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Late Rise: Why it's a red flag for pitchers and what can cause it

Wed Jan 20, 2021 by OnBaseU

Late Rise is a pitching characteristic that refers to a pitcher whose throwing hand is still below their throwing elbow at foot touch.  As Dr. Rose demonstrates in the video above, Late Rise can be identified by drawing a line parallel to the ground that bisects the pitcher's elbow when they are at foot touch.  If the hand/ball is below the line, they are a Late Riser.

In our Certification programs, we're purposeful about referring to technical elements as characteristics - not faults - because they don't preclude a hitter or pitcher from being effective, but may cause inefficiencies in other athletes.  Though Late Rise is no exception, it is considered to be a red flag by many MLB organizations.  Because the hand is late to rise into layback, it has to move faster over a shorter period of time, causing more stress on the elbow. 

 

This relationship between the Late Rise pitching characteristic and torque on the elbow has also been observed by Dr. Glenn Fleisig of ASMI.  He discussed it on our Q&A Webinar over the summer.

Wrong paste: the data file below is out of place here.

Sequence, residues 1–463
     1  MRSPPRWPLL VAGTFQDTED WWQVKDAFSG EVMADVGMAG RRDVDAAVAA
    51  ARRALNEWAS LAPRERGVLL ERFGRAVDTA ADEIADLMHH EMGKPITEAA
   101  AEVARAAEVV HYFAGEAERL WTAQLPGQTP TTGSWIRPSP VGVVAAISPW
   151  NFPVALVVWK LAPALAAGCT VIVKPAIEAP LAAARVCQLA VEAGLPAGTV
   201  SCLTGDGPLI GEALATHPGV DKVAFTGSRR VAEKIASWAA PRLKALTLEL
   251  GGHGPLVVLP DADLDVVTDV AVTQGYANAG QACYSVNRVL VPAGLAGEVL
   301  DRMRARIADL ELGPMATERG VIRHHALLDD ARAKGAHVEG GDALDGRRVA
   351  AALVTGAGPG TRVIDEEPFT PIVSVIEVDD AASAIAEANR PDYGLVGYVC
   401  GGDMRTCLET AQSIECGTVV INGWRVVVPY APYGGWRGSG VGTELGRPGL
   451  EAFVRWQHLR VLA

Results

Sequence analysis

Though Late Rise can be related to physical limitations such as shoulder external rotation or spine disassociation, it's commonly observed in pitchers who also have a pitching characteristic called Short Stride.  Most MLB pitchers stride at least 110% of their height.  If they don't, we refer to it as a Short Stride.

We covered how we screen for physical limitations associated with Short Stride in a past article, but the important takeaway here is that technical inefficiencies are usually multifactorial.  One of the most consistent themes of our Certification curriculum is encouraging coaches, S&C and medical professionals need to look beyond the site of dysfunction or inefficiency to find the cause of dysfunction or inefficiency.  Assess, don't guess.


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